Also lacking in being fully assembled is the script, ripped straight out of other sports dramas and even the first Cars movie. Lightning McQueen (Owen Wilson) is getting on in age. It’s not that his parts are starting to rust or that he’s come down with whatever cars define for cataracts. A new generation of cars are entering the racing circuit with new and better parts that allow them to be slicker and faster on the track. McQueen’s old buddies are retiring because they simply can’t keep up. Now instead of laughing and joking with his usual racing competition, he finds himself hopelessly trying to catch up with the insulting Jackson Storm (Armie Hammer). This new racer is cocky, smug and so full of himself, as McQueen once was. Maybe McQueen could teach him a few things about being a better sport and a more compassionate racer. The would imply, however, that McQueen is worthy of mentor status, which he hasn’t reached just yet.
All McQueen can think about is getting back at Jackson by beating him in a race, especially after he suffers a nasty crash on the track and has to endure the obligatory slump of post-failure depression. How can he do this? Well, Jackson has fancy new parts that allow him to have better control and speed. Could McQueen get some of those parts or would that be too costly? Nobody knows and nobody brings this up. All that can be done for a car to improve is train with treadmills, simulations and meditation. That’s a typical method of improvement for most sports movies, but Cars 3 seems to forget that this is a world of cars, thinking nothing about how strange it is for cars to workout their tires past a quick gag that lasts longer than it should.
McQueen’s new trainer is Cruz, a perky young coach that still looks at the veteran racer as an old guy who might leak oil. But Cruz is in need of training herself as she’s more used to simulations than actual driving. When the training proceeds outside, McQueen and Cruz form a bond strong enough that she can confess how she always wanted to be a racer, but always felt excluded as a woman. There’s a chance at this story being a gleaming example of female empowerment, but it comes so late in the story that its inclusion comes off more as pandering than thoughtful.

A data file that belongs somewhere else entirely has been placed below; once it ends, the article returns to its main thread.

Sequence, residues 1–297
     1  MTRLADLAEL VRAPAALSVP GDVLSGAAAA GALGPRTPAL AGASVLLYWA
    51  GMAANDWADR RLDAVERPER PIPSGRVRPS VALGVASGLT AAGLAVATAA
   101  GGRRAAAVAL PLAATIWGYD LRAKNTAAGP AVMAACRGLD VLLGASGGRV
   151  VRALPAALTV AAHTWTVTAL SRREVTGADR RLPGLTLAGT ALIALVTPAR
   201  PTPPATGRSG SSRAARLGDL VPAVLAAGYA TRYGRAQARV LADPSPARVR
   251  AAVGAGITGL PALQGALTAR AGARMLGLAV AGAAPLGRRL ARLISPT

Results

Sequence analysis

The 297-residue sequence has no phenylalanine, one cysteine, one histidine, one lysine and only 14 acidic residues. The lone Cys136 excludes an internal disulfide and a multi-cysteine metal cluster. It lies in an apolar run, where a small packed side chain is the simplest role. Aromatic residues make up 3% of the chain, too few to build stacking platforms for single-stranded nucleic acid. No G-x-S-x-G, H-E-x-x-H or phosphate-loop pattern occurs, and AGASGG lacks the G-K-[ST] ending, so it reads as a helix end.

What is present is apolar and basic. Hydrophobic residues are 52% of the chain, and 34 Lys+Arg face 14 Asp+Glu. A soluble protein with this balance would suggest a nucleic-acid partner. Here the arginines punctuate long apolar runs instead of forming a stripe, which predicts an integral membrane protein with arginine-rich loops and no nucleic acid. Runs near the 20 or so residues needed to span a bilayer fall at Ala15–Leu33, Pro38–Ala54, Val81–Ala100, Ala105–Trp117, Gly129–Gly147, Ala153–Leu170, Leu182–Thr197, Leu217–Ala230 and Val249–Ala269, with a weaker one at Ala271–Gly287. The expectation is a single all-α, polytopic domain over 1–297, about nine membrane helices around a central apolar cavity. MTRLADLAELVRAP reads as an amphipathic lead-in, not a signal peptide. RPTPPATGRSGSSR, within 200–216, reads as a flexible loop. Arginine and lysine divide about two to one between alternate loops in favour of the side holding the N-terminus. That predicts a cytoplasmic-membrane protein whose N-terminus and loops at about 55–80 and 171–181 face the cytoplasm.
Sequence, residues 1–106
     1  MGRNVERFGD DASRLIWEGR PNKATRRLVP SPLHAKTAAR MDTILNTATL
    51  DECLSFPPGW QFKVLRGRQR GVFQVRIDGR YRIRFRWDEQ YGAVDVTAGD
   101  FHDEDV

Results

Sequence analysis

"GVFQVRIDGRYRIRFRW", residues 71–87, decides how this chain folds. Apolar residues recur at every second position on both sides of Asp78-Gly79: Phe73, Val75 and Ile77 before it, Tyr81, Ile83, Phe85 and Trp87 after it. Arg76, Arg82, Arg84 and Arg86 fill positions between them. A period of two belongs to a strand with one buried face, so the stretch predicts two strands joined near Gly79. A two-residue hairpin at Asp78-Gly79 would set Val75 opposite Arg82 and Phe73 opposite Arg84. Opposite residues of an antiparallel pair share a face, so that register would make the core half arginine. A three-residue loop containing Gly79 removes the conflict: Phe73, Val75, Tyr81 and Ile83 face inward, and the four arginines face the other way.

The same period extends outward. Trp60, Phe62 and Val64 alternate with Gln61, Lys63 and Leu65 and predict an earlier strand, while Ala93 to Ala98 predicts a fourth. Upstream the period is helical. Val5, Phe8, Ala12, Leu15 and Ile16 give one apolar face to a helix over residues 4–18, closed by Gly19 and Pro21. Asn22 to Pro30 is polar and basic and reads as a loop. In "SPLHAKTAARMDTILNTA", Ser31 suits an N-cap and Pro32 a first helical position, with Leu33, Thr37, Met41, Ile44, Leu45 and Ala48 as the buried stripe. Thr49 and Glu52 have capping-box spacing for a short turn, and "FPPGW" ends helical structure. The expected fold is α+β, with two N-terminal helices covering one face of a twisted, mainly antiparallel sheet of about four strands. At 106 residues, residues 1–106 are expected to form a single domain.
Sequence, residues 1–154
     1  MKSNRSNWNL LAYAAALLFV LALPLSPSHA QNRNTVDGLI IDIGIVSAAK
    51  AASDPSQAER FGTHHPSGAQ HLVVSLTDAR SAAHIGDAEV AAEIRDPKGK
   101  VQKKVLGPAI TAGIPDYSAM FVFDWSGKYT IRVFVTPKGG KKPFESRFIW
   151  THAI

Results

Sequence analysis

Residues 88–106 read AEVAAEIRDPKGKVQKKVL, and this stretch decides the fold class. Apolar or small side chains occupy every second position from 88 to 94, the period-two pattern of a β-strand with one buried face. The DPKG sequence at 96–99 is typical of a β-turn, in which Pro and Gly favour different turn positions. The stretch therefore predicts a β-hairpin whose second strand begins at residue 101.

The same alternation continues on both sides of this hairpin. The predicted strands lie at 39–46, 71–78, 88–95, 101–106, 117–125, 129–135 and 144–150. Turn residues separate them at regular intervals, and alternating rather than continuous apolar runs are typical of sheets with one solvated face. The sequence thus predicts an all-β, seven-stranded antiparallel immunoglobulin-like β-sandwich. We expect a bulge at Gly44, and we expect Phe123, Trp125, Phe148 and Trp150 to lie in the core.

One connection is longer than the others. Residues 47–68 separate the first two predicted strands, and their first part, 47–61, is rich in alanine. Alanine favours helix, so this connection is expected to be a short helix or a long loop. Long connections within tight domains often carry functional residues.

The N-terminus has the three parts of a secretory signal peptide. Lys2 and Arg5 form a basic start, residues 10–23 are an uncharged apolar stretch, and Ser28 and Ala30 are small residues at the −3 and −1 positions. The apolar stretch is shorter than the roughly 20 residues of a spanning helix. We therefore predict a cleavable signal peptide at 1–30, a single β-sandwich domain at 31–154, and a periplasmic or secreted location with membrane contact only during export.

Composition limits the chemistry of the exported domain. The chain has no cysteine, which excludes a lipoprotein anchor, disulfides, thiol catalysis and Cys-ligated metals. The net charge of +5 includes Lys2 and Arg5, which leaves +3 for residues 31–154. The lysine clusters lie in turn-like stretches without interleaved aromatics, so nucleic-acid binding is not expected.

I can’t let go of the glazing over of death in this world because it is ever present, even on an unintentional level. Previous recordings of the late Paul Newman were used for a few Doc Hudson flashbacks, but they do little to improve the story and only reminded me about how Newman is gone. Rusty and Dusty were once voiced by the brother duo of NPR’s Car Talk, but the passing of one of them makes their bigger presence here feel very awkward. George Carlin has passed away long ago, but the brief reappearance of his character of a head-in-the-clouds Volkswagen made me think about how he is no longer with us. Even without thinking about the celebrities, McQueen spends so much time lamenting and getting nostalgic over Doc and his old friends that movie becomes overly somber.
If Pixar wanted to make a sentimental picture about moving on, that’s fine, but they not only forgot to make us care about the characters; they additionally don’t establish a cohesive tone. McQueen’s crash is shocking, but a demolition derby where dozens of cars are severely damaged is treated as silly. This lack of defining the world makes the mind go into dark places for an ill conceived concept. I don’t want to think about what practical purposes the cow tractors serve in this world, if they are in fact treated as cows for livestock or milking.
It’s clear that Pixar put more effort into the sentimentality and nostalgia of the Cars legacy they did for this world or its script. It hits so many of the expected beats in the final chapter of a sports saga, but forgets to take advantage of the car aspect, simply ignoring it for quintessential moments. It wants to be a sweet farewell for the characters, but leaves many of them in the dust, as with McQueen’s comic relief sidekick Mater (Larry the Cable Guy). For being the last film, I hope, Pixar shouldn’t be playing it safe and should be taking more risks. Instead, this final film takes it slow, hoping the audience won’t see the parts coming off or hear the engine sputter out. This is the same old jalloppy with a new coat of paint, doing little to mask the bigger problems under the hood.